Other Half Brewing, long the sought-after IPA and stout maker in Brooklyn, New York, is expanding operations, but that doesn’t necessarily mean it is getting bigger.
Jamie Bogner welcomes you to the Brewing Industry Guide for the second quarter of 2019.
Craft Beer & Brewing Cofounder/Editorial Director Jamie Bogner discusses the broader meaning of a brewery brand and how you can craft a story that people care about.
Today, brewers use the power of remote audiences to build demand for their beer, but niche festivals, burst distribution, and collaborations have created new avenues for reaching dedicated non-local fans.
Maine Beer Co. is more than just a brewery. “We wanted to try to prove a point that companies, even as small as we started and as small as we still are, can be a true model for good in the world and really have a positive impact,” Kleban says.
For Pinthouse Pizza, a multi-location Austin, Texas, brewpub, small brewhouses give them the ability to use larger production brewery–quality techniques while retaining the flexibility to innovate and create new experiences for customers.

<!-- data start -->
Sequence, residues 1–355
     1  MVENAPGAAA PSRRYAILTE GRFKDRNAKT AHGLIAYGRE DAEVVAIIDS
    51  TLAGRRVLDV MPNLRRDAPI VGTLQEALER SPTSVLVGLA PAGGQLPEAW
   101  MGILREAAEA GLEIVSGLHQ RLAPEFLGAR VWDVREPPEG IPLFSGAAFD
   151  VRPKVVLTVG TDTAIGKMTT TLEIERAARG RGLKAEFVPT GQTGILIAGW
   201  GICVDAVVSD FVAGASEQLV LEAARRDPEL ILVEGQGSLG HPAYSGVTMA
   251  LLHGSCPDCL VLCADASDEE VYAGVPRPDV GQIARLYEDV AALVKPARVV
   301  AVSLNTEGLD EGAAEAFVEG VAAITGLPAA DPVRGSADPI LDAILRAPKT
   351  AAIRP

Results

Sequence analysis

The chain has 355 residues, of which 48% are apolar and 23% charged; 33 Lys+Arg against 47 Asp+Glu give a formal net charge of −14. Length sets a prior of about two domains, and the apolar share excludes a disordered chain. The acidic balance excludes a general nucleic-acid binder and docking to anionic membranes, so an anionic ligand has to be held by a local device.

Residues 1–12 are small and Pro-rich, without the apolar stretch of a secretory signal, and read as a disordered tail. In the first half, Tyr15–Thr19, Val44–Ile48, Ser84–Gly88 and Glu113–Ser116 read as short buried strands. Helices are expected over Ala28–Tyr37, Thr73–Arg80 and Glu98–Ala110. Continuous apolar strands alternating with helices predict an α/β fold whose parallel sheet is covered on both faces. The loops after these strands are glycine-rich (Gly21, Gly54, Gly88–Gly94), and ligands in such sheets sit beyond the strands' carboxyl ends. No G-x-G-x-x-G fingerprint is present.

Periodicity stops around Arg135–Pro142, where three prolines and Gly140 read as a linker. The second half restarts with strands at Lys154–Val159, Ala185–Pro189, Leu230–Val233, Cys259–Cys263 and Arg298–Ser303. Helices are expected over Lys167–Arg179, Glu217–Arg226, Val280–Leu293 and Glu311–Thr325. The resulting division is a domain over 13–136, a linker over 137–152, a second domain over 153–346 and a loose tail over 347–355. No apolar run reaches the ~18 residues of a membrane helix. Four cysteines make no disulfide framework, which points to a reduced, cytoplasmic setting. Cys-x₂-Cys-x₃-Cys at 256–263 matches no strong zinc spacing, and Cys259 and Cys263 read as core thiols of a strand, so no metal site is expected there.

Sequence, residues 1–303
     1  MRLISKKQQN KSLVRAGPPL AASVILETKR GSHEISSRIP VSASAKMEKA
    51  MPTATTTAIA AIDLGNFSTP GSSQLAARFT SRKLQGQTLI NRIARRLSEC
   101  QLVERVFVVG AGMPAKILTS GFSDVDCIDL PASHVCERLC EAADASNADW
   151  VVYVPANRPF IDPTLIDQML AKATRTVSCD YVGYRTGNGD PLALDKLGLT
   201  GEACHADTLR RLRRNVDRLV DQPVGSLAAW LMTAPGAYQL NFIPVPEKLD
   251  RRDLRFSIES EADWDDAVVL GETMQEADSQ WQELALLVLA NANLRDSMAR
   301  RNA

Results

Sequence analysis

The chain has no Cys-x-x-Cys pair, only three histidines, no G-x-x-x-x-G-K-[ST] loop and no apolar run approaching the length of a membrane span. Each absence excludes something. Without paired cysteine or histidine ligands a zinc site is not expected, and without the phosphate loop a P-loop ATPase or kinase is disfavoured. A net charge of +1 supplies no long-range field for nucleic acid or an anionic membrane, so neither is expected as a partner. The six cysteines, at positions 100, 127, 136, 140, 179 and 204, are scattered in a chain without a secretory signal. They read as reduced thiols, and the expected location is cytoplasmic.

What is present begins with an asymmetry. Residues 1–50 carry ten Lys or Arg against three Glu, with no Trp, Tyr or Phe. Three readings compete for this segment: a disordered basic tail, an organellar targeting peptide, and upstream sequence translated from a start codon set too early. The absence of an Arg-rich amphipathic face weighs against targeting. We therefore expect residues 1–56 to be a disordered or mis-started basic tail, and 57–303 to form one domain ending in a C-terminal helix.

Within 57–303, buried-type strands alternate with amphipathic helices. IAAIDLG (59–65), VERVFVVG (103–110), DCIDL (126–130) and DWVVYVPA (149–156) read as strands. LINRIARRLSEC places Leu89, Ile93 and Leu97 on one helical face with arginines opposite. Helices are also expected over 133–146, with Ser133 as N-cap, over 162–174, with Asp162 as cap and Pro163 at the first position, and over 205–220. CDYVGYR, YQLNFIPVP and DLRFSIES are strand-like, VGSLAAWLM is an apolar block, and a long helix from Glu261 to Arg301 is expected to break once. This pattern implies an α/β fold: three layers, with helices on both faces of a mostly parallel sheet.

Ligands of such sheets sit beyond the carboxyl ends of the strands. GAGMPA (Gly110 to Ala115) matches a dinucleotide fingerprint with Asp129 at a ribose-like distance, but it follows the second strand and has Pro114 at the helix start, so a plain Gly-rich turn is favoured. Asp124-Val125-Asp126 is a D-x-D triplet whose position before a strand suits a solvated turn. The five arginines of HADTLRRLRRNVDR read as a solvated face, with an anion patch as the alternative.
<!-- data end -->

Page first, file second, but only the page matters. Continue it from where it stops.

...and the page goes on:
The old equation of “buy a bigger kettle to brew more beer” no longer applies to today’s craft brewers. Brewhouse manufacturers have answered the call, bringing smart solutions to small breweries for production gains that don’t require breaking the bank.
From humble beginnings as a 3-barrel urban brewhouse, this band of metalheads has built a sour program, multistate footprint, and micro-distribution business by not being afraid to be themselves.
While it’s old news that breweries continue to open at an unprecedented rate, one factor that often gets lost in that equation is the net shift in drinking habits.
The explosion of adjunct ingredients in today’s craft beer, combined with rising rates of food allergies in the general population, makes it more important than ever to be up front with customers about what’s inside the beer you brew.